Bottle rockets are relatively easy to build and making them can be an enjoyable activity for kids. A simple bottle rocket requires little more than a pair of 2-liter soda bottles, some cardboard and tape. When building bottle rockets, use your creativity to experiment with different wing shapes and decorate your rocket with bright colours to make it easy to spot in the sky. Bottle rockets can be used as a learning tool to teach kids about some of the basic principles of physics.
Rinse out two empty 2-liter plastic soda bottles and remove the labels. Using a utility knife or pair of heavy duty scissors, cut the top and bottom off one of the bottles and insert the resulting plastic tube onto the bottom end of the whole bottle. Cover the seam with clear packing tape. The result will be a cylindrical extension of the bottom of the plastic bottle.
Cut three triangular fin shapes out of lightweight cardboard and attach them to the neck end of the plastic bottle using hot glue or packing tape. Space the fins out evenly by measuring the circumference of the bottle and dividing it by three, then use that measurement to place the fins.
Create a detachable nose cone to hold your rocket's parachute using heavy paper or a manila folder. The circumference of the cone should be just slightly larger than that of the bottle so it will not become stuck. Push a marble-sized piece of clay into the top of the nose cone as a weight.
Attach the nose cone to the rocket by punching a small hole in the edge of the cone itself and to the edge of the plastic extension tube on the rocket. Tie a 10-inch length of kite string to each item to connect them and knot the ends of the string tightly.
Create a parachute for your rocket out of a plastic garbage bag. Lay the garbage bag out flat and trim away the closed end then fold the bag in half horizontally. Fold the bag again, vertically this time, then fold it on the diagonal twice in a row to make a triangle shape. Measure the desired radius for your parachute from the tip of the triangle toward the base and cut the garbage bag using the desired measurement.
Unfold the parachute and discard the excess. If you folded and cut the parachute correctly you should end up with two identical circles. Lay one of the circles out flat and apply a circular reinforcement tab to the edge of the circle every few inches. Space the tabs out as evenly as possible.
Cut pieces of kite string equal in length to the diameter of the parachute and tie one end of each string through one of the reinforced circular tabs. Tie the loose ends of the strings together in a knot and attach the knot to the rocket by taping or gluing it down inside the plastic extension tube.
Fold the parachute and insert it into the extension tube then place the nose cone on top. For the best results, pack the parachute in loosely so when the weight of the nose cone causes the rocket to flip over, the parachute will automatically spill out.
Connect two 1-foot sections of 1/2-inch PVC pipe with a tee and attach an end cap to each end. Drill a hole in the centre of one end cap large enough to accommodate the stem valve from your bicycle pump. Apply some quick-dry cement to the stem and press it firmly against the inside of the end cap to seal it in place.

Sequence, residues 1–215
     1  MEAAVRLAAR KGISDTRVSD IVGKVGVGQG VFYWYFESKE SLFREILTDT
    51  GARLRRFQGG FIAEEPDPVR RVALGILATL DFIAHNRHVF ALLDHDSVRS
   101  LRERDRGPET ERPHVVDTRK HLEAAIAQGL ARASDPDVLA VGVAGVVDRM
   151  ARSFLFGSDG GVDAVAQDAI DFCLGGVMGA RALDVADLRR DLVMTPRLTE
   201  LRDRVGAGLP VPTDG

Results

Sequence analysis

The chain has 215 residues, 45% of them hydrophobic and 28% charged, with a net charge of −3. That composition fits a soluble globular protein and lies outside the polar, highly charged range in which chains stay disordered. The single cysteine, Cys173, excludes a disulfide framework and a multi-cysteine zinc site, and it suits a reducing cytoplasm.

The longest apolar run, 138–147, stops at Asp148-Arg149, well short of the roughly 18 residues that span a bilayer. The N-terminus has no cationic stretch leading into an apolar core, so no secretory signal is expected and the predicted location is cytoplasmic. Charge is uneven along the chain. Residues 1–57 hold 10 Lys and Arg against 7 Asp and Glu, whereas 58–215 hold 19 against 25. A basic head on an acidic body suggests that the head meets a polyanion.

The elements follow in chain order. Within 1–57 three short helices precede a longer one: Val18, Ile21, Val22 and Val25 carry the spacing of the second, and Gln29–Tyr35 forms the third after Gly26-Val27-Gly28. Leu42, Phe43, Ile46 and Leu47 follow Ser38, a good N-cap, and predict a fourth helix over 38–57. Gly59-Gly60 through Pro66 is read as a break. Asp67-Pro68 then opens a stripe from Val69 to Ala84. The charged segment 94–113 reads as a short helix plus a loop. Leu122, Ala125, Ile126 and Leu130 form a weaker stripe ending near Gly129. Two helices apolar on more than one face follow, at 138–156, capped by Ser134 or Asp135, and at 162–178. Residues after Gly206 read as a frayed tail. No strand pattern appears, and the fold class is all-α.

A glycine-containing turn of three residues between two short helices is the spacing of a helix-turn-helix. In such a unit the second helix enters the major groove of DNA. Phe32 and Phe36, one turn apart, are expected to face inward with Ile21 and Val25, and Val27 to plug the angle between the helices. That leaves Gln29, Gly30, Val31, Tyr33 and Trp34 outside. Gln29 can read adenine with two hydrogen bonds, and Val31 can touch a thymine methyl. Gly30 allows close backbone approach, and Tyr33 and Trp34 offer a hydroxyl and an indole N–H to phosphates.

Screw one end of a male-thread adaptor into the base of the tee and the other end to one side of a 3-foot length of PVC pipe. Screw an elbow to the other end of the 3-foot piece and attach a 4-inch piece of PVC to the elbow.
Screw the second male-thread adaptor to the 4-inch piece of PVC then attach the 3-foot piece of PVC to the tee using the male-thread adaptor. Position the launcher so that the tee lays flat on the ground and the elbow with the attached 4-inch piece of PVC sticks straight up in the air.
Connect your bicycle pump to the stem valve and fill your bottle rocket about 1/3 full with water then screw it into the upright male-thread adaptor on the launcher.
Pump air into the bottle through the bicycle pump until the rocket shoots off the launcher. This usually happens when the pressure in the bottle reaches around 30 psi.
Decorate your rocket using permanent markers or by wrapping the outside with wrapping paper. Keep in mind that the more decorative material you add, the heavier your rocket will be come and it may not fly as well as a lighter rocket. For extra stability and friction on your rocket launcher, glue all of the connections together and wrap them with electrical tape.
Always use caution when launching bottle rockets. Keep onlookers at a safe distance from the launch pad and keep an eye on the rocket every moment it is in the air.
Tips and warnings
- Decorate your rocket using permanent markers or by wrapping the outside with wrapping paper. Keep in mind that the more decorative material you add, the heavier your rocket will be come and it may not fly as well as a lighter rocket.
- For extra stability and friction on your rocket launcher, glue all of the connections together and wrap them with electrical tape.
- Always use caution when launching bottle rockets. Keep onlookers at a safe distance from the launch pad and keep an eye on the rocket every moment it is in the air.
Things you need
- 2 2-litre plastic soda bottles
- Utility knife or heavy duty scissors
- Clear packing tape
- Hot glue
- Heavy paper or manila folder
- Kite string
- Plastic garbage bag
- Circular reinforcement tabs
- 1/2-inch PVC pipe
- 2 end caps
- Quick-dry cement
- Tee connection
- 2 male-thread adaptors
- Bicycle pump and stem valve